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Oversimplified: Volume 125
Hobbies, building a jump rope app, and comments at Figma
Hey there 👋
Oversimplified is a digest of the best links I stumble upon each week, and any new posts from me. If this is your first issue, welcome! You can subscribe with the big blue button below:
Four Thousand Weeks: Time Management for Mortals is yet another book on productivity and time management. But it’s not just that, it frames things quite differently and has 100% changed how I think about my output for the better. Strong recommend if you’re stressed out about fitting a million things into a day.
I enjoy reading books about video games, particularly about how they are made. The Making of Prince of Persia was no exception. Super entertaining and fun read. I actually made my way through this in one sitting during a recent flight — Something I don’t think I’ve ever done before.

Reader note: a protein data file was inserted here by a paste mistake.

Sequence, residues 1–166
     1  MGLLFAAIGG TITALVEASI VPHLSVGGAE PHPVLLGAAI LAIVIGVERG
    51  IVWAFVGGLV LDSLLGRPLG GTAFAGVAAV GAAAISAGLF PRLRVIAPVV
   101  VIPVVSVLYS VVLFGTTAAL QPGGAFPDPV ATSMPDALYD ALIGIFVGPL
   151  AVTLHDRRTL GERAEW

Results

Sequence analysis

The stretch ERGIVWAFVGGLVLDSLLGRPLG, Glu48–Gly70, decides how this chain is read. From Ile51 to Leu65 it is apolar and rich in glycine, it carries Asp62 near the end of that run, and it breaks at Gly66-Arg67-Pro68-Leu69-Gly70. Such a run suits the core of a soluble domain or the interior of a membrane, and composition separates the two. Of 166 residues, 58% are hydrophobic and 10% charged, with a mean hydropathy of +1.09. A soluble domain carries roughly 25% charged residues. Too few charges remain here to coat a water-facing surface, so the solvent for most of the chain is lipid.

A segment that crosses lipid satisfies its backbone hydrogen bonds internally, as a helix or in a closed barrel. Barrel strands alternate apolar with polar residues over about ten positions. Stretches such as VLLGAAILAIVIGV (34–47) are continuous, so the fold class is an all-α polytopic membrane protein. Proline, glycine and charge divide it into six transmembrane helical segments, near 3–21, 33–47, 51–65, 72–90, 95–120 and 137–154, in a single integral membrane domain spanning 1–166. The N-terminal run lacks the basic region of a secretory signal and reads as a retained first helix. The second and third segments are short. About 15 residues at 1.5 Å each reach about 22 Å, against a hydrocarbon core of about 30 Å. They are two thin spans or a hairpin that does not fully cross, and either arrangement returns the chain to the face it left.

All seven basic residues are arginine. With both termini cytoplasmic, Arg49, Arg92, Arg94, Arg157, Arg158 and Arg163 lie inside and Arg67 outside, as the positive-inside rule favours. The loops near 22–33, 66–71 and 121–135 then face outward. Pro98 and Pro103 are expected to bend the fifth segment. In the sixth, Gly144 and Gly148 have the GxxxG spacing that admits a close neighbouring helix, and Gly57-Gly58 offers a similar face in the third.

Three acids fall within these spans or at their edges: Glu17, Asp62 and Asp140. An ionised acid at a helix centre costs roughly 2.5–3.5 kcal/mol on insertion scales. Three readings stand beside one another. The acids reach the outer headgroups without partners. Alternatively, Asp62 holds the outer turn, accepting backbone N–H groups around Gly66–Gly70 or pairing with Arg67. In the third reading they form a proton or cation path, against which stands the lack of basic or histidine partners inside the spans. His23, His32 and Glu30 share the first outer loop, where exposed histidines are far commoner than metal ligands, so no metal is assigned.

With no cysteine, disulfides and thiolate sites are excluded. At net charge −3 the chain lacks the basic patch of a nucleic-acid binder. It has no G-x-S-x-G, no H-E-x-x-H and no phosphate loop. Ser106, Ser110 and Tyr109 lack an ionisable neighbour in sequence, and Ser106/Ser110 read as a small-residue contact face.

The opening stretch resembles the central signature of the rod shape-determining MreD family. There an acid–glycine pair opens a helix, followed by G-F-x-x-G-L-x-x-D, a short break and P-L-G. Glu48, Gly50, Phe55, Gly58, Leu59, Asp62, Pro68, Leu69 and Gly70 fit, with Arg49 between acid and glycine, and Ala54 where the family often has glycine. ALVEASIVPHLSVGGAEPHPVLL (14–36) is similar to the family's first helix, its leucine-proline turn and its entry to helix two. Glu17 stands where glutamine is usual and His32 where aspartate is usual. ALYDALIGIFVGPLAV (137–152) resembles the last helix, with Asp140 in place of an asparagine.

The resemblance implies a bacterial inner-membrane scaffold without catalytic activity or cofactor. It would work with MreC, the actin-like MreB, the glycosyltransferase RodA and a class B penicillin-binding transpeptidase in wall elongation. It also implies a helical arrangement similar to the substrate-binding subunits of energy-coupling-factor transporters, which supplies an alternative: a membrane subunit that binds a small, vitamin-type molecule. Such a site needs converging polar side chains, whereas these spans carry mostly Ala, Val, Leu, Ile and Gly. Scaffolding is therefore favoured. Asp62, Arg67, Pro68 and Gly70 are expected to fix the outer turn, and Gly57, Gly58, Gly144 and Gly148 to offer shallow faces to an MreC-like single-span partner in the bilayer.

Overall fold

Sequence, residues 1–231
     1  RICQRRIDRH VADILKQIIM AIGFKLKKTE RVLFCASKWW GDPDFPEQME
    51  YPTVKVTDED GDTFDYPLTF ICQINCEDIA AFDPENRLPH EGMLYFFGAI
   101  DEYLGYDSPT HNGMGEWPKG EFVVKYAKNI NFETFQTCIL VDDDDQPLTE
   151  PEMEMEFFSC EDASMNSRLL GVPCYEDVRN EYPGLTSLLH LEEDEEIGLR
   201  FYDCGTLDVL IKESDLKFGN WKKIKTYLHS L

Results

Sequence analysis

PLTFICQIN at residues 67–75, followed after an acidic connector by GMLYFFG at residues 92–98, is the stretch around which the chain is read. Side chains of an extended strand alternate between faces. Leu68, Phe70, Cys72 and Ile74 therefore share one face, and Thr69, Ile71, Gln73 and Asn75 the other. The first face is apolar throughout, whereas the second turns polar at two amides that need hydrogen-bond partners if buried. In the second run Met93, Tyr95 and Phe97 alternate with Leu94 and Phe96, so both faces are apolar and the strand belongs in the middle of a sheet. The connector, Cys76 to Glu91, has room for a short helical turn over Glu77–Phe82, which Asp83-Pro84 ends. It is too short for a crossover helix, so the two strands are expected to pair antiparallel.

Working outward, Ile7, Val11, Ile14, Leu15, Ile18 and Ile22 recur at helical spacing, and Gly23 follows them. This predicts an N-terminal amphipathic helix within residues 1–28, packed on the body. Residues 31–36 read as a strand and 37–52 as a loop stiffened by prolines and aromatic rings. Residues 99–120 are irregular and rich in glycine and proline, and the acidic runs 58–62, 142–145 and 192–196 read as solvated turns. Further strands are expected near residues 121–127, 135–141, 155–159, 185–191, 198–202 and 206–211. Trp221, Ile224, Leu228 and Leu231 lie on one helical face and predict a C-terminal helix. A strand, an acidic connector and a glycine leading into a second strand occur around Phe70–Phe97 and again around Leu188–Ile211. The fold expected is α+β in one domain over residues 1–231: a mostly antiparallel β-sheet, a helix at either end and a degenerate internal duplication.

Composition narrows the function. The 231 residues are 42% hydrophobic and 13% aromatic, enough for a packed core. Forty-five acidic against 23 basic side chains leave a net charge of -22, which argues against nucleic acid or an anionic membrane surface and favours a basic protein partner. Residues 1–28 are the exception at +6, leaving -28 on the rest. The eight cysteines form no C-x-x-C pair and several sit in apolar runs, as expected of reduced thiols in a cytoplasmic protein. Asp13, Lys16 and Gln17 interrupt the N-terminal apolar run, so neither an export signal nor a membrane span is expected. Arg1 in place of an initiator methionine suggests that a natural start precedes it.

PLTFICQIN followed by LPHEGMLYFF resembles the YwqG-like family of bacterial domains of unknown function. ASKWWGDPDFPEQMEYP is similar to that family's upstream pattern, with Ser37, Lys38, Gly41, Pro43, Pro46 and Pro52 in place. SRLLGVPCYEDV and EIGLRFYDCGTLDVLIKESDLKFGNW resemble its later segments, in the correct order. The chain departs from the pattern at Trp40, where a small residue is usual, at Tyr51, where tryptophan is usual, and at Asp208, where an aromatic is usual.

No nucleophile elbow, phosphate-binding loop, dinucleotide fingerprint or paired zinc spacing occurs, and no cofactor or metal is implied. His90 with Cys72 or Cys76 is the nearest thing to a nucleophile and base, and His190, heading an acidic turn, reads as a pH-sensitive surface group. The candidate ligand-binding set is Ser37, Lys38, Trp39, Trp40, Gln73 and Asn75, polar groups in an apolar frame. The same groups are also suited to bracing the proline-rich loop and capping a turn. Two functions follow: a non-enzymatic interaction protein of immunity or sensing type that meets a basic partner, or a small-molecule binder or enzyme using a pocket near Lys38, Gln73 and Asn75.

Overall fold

The framing in this post makes a ton of sense to me: “Training doesn’t take an entire day, but it takes a big chunk of one. It is a way of standardizing un-negotiable personal leisure segments the same way that buying a season ticket pass to the Seahawks or the Sounders does.”
This post from Claire Carroll is a neat one. She talks through the process of building an iPhone app to pull in gyroscope and accelerometer data and then upload it to BigQuery for further analysis. The modern data stack strikes again!
I enjoyed this behind-the-scenes look at how Figma rolled out a new comments experience over the past few months. From hypotheses to rollout schedule, there’s a good bit of detail here.
If you work for a startup, then you probably have noticed that the typical “top-down vs. bottom-up” way of thinking about org structure isn’t a great descriptor. This slide deck argues that “slime molds” are a better fit — I found myself nodding along vigorously to most of this.
Food for Thought
"An infinite player does not begin working for the purpose of filling up a period of time with work, but for the purpose of filling work with time." — James Carse
Until next time
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Until next time,